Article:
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Heres why we falsely remember completing tasks we had intended to do

Finishing off a big task can be memorable, whether you sincerely feel you’ve achieved something or are just relieved to have got it out of the way. Everyday tasks, however, are much more mundane: taking your daily medication or typing in a password are unlikely to be particularly noteworthy events.

You may also have found a gap between your intention to do a particular mundane task and actually enacting it — meaning you either can’t remember whether you actually did it, or misremember having done it entirely. It’s this phenomenon that Dolores Albarracin and colleagues from the University of Illinois explore for the first time in a new paper in Personality and Social Psychology Bulletin.

In the first part of the study, participants played the part of a manager reviewing applications to model for a clothing brochure. In some cases, participants were asked whether they wanted to hire the applicant immediately; in others, they were asked to state whether they intended to hire the applicant later; and in a control condition, were asked to state whether the gender listed in a form about the applicant matched the gender of their photo.

After a brief break, participants saw each applicant again and indicated whether or not they had made a final hire decision in the previous part of the study. As anticipated, participants were more likely to mistakenly believe they had already hired (or rejected) applicants in the “intention” condition than those in the control condition — suggesting that we sometimes mistake having intended to do something with having actually done it.

Next, using the same process, the team showed that  this effect was more pronounced when there are physical similarities between behaviour and intention — in short, when doing something and intending to do something feel or look the same.

Participants in the high similarity condition pressed a key on their keyboard for both the “behaviour” (the definite hiring decisions) and “intention”  (the intended hiring decisions), while those in the low similarity condition enacted behaviour with a keystroke but intention mentally, simply thinking about their intention rather than logging it.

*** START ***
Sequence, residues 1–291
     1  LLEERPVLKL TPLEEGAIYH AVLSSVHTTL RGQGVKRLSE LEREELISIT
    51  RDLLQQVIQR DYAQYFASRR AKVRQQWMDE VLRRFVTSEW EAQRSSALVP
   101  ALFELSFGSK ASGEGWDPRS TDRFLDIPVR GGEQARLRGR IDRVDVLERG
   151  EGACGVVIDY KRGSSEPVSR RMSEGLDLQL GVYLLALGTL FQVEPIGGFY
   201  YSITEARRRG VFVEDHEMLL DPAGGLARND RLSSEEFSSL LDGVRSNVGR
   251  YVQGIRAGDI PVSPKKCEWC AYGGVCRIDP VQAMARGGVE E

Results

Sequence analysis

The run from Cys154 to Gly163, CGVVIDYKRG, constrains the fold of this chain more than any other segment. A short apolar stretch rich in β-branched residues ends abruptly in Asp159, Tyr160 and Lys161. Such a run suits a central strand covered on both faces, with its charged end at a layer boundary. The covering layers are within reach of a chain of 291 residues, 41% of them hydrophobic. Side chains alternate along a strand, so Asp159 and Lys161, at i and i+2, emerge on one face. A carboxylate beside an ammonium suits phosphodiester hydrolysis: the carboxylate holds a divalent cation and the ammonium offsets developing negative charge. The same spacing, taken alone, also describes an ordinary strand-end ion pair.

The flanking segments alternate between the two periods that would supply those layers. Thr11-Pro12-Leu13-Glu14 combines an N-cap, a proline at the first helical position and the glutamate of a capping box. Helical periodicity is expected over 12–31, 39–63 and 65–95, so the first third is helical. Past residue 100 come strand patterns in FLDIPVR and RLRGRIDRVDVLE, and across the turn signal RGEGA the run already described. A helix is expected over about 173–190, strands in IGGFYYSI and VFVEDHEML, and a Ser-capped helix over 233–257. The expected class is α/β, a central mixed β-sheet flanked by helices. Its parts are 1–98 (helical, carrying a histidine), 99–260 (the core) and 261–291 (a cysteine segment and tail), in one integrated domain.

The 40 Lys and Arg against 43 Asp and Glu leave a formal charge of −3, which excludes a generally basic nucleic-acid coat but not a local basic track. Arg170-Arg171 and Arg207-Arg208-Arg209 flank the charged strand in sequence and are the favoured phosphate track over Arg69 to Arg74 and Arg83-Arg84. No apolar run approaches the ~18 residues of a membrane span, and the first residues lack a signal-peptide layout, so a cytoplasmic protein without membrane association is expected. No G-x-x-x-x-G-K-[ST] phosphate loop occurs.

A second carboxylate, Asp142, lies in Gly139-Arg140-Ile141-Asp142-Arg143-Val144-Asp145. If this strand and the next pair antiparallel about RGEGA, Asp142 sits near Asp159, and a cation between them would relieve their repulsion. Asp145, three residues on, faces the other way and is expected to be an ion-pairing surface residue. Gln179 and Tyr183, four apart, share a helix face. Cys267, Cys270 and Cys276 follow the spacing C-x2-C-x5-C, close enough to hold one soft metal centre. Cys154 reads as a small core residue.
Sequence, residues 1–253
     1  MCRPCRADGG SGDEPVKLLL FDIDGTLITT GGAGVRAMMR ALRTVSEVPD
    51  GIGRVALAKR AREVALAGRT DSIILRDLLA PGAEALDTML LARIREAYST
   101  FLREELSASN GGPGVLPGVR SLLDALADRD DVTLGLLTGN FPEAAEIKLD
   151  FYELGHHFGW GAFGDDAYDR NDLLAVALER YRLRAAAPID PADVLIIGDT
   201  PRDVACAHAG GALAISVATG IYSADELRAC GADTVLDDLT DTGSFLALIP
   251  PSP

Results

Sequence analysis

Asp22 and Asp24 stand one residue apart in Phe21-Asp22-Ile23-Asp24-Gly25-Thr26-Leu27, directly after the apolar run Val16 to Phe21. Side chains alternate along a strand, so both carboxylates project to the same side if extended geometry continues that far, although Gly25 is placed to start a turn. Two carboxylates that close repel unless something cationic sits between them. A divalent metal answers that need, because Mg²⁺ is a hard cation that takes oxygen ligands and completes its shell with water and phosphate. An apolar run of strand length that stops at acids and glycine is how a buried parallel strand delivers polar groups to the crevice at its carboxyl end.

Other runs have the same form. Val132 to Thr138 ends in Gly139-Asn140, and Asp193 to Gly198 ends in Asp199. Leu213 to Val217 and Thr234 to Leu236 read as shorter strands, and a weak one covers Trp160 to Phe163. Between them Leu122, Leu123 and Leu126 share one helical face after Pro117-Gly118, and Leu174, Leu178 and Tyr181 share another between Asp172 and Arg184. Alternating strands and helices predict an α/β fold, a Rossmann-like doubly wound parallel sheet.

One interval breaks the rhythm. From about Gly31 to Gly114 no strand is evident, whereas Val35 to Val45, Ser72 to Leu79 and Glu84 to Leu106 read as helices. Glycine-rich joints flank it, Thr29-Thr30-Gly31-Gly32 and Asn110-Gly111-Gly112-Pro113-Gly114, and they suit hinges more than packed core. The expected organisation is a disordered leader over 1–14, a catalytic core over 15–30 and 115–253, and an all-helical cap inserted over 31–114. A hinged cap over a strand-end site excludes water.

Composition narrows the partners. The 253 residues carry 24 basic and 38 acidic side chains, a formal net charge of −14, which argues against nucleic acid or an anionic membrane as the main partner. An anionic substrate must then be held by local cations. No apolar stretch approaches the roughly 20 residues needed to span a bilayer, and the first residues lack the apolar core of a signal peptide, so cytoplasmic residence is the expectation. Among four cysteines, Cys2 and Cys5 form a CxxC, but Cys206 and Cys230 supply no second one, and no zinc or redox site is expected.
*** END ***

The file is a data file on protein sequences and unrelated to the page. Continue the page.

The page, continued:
Those in the high similarity condition were more likely to confuse intention with behaviour than those in the low similarity condition, indicating that a similarity in expression may increase the odds of falsely remembering having completed a task (opening an email you intend to respond to later, for example, rather than leaving it unread or adding it to a to do list, may make you more likely to misremember having sent your response).

In the next study, participants judged some candidates by attractiveness and others by competence. As before, participants used these criteria to either register their intention to do something or actually enact behaviour.  Again, intentions were misreported as enactments far more than the other way around; similarly, misreports were far more likely within the same hiring criteria than in a different one (i.e. an intention to hire based on attractiveness was more likely to be misremembered as having actually hired the candidate based on attractiveness than as having actually hired them based on competence). As in the keystroke study, this suggests that similarities in the cognitive processes involved in behaviour and intentions are a key part of mistaken beliefs.

Mistaking intentions for behaviours, even for mundane actions, is not insignificant. Small acts  can be important in many areas of our life: the actual act of taking medication, for instance, may be routine and uninteresting, but its impact is often far from it. Results from this study suggest, however, that it’s something we may frequently misremember doing because the physical actions are so samey.

Results from a final study may indicate a fairly useful — and pretty simple — solution to the problem of misremembering behaviours: active monitoring. Participants who physically wrote down their final hiring decision or their intention to hire were less likely to misremember what they’d done. Writing things down or checking them off a list might not be failsafe — and it might not be very exciting itself — but it could be a good way to ensure that things are getting done.

Mistaking an Intention for a Behavior: The Case of Enacting Behavioral Decisions Versus Simply Intending to Enact Them

Emily Reynolds is a staff writer at BPS Research Digest